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The Missing Huck And Jim

June 2024
1min read

ADVENTURES OF HUCKLEBERRY FINN

by Mark Twain , Random House, 418 pages, $25.00 . CODE: RAN-40

IN 1990 THE FIRST 665 ORIGINAL manuscript pages of Mark Twain’s great river novel were found wrapped up inside a steamer trunk in California, ninety-three years after they had disappeared. Twain had given them to a collector, James Fraser Gluck, and the rediscovery of these pages by Gluck’s granddaughter provoked a seventeen-month court battle over ownership.

The recovered bundle contained some scenes deleted from the printed version; on the first page, Twain’s opening evolves in his clear hand from “You will not know about me” to “You do not know” before settling on the line familiar to generations of readers: “You don’t know about me, without you have read a book by the name of ‘The Adventures of Tom Sawyer,’ but that ain’t no matter.” Such manuscript changes made to a mediocre novel would be of little interest, of course; the real purpose of this edition (which carries the original line illustrations) is to freshen the reader’s appreciation for Twain’s classic, which he began in 1876.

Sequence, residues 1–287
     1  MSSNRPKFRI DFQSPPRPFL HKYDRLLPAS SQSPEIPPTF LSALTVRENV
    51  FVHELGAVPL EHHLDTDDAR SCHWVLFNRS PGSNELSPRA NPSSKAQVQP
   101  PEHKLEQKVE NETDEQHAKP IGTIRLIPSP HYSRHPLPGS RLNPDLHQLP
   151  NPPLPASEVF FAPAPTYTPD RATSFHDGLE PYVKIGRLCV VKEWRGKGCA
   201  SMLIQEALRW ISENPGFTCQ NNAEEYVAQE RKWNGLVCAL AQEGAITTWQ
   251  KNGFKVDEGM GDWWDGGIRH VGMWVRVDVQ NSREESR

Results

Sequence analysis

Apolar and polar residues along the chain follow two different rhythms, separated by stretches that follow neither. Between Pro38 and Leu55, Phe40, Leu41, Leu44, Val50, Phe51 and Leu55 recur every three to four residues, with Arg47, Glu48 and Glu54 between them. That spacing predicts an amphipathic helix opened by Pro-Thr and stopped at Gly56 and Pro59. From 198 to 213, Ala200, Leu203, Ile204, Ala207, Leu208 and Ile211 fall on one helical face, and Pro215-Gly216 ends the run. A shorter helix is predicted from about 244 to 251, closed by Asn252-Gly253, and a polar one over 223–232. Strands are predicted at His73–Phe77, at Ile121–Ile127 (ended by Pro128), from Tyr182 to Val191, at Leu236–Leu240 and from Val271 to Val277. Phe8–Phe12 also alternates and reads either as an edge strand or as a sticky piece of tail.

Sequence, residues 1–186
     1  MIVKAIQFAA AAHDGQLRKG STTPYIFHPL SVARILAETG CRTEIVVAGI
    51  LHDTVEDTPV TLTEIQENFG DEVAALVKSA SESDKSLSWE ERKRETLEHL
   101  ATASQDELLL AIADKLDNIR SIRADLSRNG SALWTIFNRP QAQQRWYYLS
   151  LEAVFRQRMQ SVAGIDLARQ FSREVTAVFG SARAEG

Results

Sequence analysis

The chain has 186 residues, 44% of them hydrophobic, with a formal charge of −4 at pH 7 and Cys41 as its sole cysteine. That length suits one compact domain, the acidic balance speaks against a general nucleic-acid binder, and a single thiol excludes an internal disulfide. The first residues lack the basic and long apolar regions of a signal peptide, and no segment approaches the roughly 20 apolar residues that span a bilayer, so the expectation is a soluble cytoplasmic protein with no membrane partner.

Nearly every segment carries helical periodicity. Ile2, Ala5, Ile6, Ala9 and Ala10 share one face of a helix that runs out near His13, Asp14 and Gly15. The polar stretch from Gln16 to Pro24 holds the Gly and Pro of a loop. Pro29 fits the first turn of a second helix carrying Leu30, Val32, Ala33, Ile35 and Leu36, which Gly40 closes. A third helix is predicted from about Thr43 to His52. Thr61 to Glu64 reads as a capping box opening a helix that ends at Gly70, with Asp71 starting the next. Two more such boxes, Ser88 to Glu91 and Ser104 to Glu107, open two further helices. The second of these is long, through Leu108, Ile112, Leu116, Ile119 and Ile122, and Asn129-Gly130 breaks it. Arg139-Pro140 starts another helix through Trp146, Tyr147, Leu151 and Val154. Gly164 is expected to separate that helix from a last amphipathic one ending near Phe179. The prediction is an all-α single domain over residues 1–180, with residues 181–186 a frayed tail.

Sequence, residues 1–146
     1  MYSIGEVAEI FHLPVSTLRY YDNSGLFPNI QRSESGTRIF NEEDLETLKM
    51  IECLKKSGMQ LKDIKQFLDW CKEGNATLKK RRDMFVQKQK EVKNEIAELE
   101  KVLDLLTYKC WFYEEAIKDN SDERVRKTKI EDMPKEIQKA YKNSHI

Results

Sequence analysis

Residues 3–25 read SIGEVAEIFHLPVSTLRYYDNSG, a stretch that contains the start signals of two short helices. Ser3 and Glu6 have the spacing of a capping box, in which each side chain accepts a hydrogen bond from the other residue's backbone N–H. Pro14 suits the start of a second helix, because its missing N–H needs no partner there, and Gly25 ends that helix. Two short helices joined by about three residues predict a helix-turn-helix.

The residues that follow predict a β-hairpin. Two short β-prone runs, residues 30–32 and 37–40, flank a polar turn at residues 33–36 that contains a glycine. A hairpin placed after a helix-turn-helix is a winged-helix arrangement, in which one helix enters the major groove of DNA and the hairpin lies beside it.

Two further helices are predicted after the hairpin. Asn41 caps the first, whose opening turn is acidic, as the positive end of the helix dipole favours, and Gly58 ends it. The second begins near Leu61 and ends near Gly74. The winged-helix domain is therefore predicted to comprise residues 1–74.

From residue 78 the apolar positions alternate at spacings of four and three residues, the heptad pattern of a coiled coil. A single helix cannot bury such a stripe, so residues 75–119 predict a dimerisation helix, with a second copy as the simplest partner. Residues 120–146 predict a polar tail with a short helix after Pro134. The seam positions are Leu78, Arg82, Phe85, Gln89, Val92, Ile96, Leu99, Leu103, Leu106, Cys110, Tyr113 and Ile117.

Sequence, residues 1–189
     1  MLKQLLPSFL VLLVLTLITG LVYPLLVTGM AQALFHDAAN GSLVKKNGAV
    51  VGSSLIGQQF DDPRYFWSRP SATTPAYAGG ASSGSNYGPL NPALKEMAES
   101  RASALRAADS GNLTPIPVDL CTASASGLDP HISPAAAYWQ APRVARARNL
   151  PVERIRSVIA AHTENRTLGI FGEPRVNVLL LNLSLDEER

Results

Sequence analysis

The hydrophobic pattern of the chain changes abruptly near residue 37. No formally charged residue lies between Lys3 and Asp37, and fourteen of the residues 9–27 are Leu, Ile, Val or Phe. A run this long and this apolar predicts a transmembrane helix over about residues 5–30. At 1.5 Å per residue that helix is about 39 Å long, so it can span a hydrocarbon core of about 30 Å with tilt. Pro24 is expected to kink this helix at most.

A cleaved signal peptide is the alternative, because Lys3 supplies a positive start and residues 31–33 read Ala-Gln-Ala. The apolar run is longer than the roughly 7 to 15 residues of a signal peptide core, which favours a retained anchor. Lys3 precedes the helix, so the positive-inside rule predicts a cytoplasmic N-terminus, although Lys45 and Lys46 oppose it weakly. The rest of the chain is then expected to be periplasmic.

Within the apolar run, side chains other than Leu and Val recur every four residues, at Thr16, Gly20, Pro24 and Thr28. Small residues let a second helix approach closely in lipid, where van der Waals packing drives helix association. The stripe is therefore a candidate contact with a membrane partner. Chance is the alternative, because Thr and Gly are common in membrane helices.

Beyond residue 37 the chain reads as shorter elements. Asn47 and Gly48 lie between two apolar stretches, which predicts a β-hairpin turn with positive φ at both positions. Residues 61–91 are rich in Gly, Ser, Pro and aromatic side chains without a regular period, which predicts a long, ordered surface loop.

“Tearing along on a new book,” he wrote that summer. “It is Huck Finn’s autobiography.”

Huck’s raft partner, the escaped slave Jim, belonged in the original draft to the Widow Douglas, not to the nasty Miss Watson of the printed version; the change made the consequences of Jim’s capture more frightening. In this manuscript Jim delivers a long, unsettling monologue on visiting a cadaver—one of Twain’s better ghost stories. The episode was excised, as was the famous bragging “raftsman’s passage” (“Cast your eye on me, gentlemen!—and lay low, and hold your breath, for I’m about to turn myself loose!”), which, transplanted to Life on the Mississippi , became one of that book’s best-known sections. It may have been cut by Twain simply to keep Huckleberry Finn short enough to sell in a set with Tom Sawyer . Here is the artist at work, refining his separate dialects, even changing Huck’s line about hating school “like sin” because, as the Twain scholar Victor Doyno suggests in his fine notes, “sin” is not hateable for Huck. School is much worse than that.

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